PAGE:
Distribution. Spinach flea beetle and yellow-necked flea beetle occur throughout the United States and Canada, east of the Rocky Mountains. Three-spotted flea beetle occupies the same area as the aforementioned species, but also occurs in British Columbia, Idaho, and Utah. These insects are native to North America.
Host Plants. These flea beetles are known principally as pests of the family Chenopodiaceae—beet, spinach, and Swiss chard. Therefore, it is not surprising that they damage sugarbeet, but they also are known to damage cabbage, canola, horseradish, lettuce, and radish on rare occasion. Weeds are their principal host, principally chickweed, Stellaria media; purslane, Portulaca spp.; lambsquarters, Chenopodium album; and pigweed, Amaranthus spp.
Natural Enemies. Little is known concerning the natural enemies of these beetles, although Chittenden (1899) reported that Medina barbata (Coquillett) (Diptera: Tachinidae) was a parasitoid of the adult spinach flea beetle, and Loan (1967a,b) found threespotted flea beetle to be attacked by Microctonus disonychae (Loan) (Hymenoptera: Braconidae).
Life Cycle and Description. These insects are poorly known, but spinach flea beetle has two generations annually in Maryland, with adults present throughout the year. The life cycle is reported to require 30-60 days. Apparently, these beetles overwinter in the adult stage and have been observed under loose bark of trees and other sheltered locations during the winter months. From the report of Beirne (1971) that adults are present in May and June and again in September and October, we might surmise that only one generation occurs in Canada. The life cycle of the other Disonycha flea beetles seems to be similar.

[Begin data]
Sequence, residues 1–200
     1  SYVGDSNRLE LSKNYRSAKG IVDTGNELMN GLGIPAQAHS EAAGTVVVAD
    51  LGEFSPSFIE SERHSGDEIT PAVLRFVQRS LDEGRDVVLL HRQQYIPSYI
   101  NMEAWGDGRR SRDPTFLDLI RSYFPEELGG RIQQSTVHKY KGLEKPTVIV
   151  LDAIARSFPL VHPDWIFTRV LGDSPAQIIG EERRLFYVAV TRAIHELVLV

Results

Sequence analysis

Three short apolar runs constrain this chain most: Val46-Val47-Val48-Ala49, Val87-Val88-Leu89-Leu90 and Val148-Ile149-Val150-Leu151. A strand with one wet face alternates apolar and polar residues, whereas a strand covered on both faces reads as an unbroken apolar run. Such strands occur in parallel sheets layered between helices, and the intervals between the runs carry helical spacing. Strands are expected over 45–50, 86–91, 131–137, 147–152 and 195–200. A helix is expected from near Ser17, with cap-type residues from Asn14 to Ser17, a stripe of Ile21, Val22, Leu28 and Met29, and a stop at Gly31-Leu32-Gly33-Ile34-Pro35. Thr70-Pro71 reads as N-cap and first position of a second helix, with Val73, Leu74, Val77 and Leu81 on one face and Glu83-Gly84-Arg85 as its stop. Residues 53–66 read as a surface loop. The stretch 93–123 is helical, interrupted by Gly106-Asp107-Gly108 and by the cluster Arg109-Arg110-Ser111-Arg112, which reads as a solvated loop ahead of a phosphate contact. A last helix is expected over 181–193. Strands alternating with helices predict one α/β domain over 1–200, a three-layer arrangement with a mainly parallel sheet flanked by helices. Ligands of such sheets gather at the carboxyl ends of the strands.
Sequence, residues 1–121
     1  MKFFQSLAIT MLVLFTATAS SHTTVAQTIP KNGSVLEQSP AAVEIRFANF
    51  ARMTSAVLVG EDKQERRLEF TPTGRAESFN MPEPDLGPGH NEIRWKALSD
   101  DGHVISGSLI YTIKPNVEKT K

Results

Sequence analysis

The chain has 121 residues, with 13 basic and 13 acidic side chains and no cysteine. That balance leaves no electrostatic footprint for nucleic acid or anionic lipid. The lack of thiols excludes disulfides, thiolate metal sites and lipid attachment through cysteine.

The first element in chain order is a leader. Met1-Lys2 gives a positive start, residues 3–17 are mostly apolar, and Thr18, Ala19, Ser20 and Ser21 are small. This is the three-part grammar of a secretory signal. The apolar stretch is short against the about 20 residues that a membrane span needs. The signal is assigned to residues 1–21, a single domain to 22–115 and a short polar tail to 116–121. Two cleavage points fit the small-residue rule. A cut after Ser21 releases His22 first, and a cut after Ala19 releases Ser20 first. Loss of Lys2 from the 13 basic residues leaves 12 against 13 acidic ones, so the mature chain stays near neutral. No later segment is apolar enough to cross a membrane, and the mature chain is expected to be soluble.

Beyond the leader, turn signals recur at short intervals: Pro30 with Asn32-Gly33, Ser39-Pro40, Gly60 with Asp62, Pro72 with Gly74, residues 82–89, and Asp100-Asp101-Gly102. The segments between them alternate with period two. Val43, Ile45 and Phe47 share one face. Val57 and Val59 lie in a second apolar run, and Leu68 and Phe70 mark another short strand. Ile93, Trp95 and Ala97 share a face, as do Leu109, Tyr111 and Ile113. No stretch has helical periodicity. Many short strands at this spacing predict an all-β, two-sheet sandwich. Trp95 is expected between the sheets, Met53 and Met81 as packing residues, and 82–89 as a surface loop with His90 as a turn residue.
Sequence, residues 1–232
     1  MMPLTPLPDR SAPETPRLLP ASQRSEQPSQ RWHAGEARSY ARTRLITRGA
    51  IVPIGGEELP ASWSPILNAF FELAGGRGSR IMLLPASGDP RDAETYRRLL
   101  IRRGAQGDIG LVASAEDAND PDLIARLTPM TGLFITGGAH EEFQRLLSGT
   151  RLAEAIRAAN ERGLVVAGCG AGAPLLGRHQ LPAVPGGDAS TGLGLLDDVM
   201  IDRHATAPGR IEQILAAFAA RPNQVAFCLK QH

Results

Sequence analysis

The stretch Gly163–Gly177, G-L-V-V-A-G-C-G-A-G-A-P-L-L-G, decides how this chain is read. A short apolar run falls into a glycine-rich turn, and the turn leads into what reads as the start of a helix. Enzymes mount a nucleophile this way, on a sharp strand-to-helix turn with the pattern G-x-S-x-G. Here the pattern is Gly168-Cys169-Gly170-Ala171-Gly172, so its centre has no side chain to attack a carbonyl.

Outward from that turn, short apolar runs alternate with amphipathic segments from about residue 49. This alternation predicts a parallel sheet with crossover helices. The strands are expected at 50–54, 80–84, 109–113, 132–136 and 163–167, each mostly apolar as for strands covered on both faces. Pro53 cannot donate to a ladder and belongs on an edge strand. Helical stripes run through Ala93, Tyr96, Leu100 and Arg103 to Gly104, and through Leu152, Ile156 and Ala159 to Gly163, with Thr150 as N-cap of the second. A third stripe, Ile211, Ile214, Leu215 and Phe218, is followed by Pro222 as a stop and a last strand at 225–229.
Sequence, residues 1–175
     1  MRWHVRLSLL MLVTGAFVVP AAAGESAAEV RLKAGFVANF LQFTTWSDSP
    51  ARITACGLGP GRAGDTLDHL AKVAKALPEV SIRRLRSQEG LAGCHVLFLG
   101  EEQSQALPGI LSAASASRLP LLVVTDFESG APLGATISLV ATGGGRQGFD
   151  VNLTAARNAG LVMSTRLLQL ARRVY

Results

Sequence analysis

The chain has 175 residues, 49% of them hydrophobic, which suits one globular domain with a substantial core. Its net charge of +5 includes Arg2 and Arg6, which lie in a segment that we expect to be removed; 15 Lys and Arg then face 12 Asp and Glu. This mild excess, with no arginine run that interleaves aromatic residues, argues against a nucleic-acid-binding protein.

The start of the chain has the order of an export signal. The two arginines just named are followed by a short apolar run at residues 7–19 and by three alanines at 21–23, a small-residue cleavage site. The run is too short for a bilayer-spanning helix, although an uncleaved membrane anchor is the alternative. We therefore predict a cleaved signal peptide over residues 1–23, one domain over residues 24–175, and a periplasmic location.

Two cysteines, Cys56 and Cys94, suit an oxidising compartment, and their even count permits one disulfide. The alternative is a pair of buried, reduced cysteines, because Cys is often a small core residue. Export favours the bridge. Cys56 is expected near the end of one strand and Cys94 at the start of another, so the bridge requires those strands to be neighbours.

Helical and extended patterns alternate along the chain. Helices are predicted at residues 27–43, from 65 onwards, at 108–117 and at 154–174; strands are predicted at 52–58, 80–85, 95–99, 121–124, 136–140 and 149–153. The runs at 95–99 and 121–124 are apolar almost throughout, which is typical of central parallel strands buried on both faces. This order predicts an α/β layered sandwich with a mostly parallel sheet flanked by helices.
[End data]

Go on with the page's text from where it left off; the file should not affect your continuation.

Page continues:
The biology of spinach flea beetle was provided by Chittenden (1899), that of threespotted flea beetle
by Maxson (1948), and of yellownecked flea beetle by Chittenden (1912b).
The larvae of Disonycha flea beetles differ from the more common genera in that they feed on foliage rather than roots. They tend initially to be gregarious, but this habit dissipates as they mature. They usually feed on the underside of the leaves, initially feeding only partially through the leaf tissue, but eventually creating holes. Adults similarly feed on the leaf tissue, skeletonizing the foliage. Generally, these flea beetles are not considered serious pests.
Because weeds are often important in the biology of these insects, an important element of insect control is weed suppression. Should the insects require suppression, foliar insecticides provide quick relief. The beetles do not seem to overwinter in the soil, so covering crops with netting or row cover material will prevent damage in the spring.
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